As you can imagine, those of who write about green issues receive a lot of pitches, many of which portray themselves as compelling stories of how some company or another has saved money by deciding to be green. The truth is that most of these businesses really weren't that focused on the green element when they looked into adopting some new piece of IT infrastructure or embracing a program to help cut back on paper. They were simply trying to save money; being green using technology was a fringe benefit. One they're exploiting after the fact.
Mind you, there is NOTHING WRONG WITH THIS. I think now more than ever, the cost-savings message associated with technology that ALSO happens to have a positive environmental impact is what tech companies SHOULD highlight foremost. Not that there's anything bad with emphasizing the green message prominently, it just needs a stronger justification on the money side.
Two cases in point from two companies that I spoke with last week.
The first, Princeton Plasma Physics Laboratory, reports that it has saved itself about $80,000 per year in power costs by adopting Sun x64 systems to replace a 200-system cluster.
Paul Henderson, head of systems and network integration, said the lab started contemplating the project in 2004 and 2005 (way before the hype-ness of the green hype) and was actually looking more for "robust and reliable technology" than anything else. The sorts of experiments that the facility runs are highly sensitive. The fact that the dual-core Opteron technology that Princeton Plasma opted to buy resulted in a 300 percent to 400 percent increase in performance AND the aforementioned power-consumption savings AND took up less space to boot, was a "great surprise," Henderson admits.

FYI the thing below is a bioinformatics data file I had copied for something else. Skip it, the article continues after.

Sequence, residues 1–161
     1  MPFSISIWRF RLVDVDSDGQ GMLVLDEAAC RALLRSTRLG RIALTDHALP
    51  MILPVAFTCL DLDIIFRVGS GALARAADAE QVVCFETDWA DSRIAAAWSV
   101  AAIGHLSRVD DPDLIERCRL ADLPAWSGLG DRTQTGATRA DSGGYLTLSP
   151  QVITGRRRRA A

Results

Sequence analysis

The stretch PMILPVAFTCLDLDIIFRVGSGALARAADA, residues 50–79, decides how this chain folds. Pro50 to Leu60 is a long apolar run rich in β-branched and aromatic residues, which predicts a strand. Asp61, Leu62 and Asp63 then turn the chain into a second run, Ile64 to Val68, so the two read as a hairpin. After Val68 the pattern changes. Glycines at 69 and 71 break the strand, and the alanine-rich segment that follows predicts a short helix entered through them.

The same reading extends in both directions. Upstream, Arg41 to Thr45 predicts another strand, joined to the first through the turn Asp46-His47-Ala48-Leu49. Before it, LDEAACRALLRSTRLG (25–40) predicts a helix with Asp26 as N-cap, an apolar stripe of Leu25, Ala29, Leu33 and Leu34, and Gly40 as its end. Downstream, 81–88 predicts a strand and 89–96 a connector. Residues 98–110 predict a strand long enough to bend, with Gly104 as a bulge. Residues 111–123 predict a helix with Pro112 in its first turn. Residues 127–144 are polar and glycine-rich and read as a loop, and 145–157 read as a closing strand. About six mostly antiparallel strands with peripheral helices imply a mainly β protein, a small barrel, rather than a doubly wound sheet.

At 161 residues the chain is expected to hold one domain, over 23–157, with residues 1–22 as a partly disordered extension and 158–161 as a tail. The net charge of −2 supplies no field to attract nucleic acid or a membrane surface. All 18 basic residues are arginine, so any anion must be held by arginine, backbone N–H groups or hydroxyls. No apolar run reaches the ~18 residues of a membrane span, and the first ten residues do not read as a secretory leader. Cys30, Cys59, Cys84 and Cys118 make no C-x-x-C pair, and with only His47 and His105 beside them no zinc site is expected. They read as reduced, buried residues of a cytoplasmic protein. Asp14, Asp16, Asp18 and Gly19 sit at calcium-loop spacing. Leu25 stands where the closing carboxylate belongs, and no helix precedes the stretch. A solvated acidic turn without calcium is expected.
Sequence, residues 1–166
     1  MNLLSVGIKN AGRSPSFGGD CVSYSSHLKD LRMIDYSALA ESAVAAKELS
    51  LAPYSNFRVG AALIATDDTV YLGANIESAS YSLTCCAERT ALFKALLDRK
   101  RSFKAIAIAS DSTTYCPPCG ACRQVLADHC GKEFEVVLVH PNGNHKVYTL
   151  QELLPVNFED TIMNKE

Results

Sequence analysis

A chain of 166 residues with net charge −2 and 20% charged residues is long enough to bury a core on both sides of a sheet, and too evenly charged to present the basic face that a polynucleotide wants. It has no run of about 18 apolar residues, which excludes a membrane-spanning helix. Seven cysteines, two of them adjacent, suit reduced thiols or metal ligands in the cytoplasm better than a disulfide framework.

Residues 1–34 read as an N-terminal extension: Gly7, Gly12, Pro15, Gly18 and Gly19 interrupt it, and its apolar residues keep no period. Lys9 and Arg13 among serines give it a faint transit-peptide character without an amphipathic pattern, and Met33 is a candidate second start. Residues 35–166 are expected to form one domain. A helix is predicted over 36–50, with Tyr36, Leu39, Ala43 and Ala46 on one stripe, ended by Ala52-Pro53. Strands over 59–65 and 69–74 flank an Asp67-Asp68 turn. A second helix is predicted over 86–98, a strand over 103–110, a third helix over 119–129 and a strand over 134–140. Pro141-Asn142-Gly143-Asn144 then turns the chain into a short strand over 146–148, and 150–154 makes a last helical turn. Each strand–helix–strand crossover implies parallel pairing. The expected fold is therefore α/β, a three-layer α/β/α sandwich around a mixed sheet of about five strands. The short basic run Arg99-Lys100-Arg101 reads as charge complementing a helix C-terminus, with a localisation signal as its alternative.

Likewise, Best Western agreed to participate in a pilot of a new program in direct mail marketing being tested by InfoPrint Solutions Company, which makes product printers, NOT because it would save paper (although that's what happened) but because it could help make its marketing more personalized and actionable.
The TransPromo (which means transaction document plus promotion messaging) initiative focused on better using quarterly rewards program statements as a means of pushing new services and building awareness for the Best Western credit card. You've already seen these sorts of statements, these are much more personal.
Ryun Lambson, marketing programs manager for Best Western, said his team agreed to the program because they wanted to earn better return on investment for their marketing budget. And, indeed, the test yielded some demonstrable upside in this area: For one thing, the test group that received the TransPromo mailing booked more hotel stays and generated more revenue than the control group that received a traditional sort of mailing, according to the early feedback shared with me last week.
On the green side, InfoPrint believes that a midsize TransPromo mailing (the Best Western pilot involved 100,000 customers, about half of which received the personalized marketing statements), can have the following green impact:
- Saves 180,000 trees - Eliminates 216 Olympic-size swimming pools of waste water - Diverts 609 garbage trucks of solid waste
Of course, the thinking is that a company would have to invest in printing its billing statements with InfoPrint technology to get these sorts of marketing and environmental results. The Best Western pilot was printed on the InfoPrint 5000, an inkjet "drop-on-demand" printing system.
Anyway, the point I'm trying to make, I guess, is that if your team is studying some sort of cost-cutting measure or new systems designed to optimize your IT infrastructure or business processes, it can't hurt to ask the environmental questions as well. That way, you won't just be saving money for your company, you'll be helping its green cause, as well.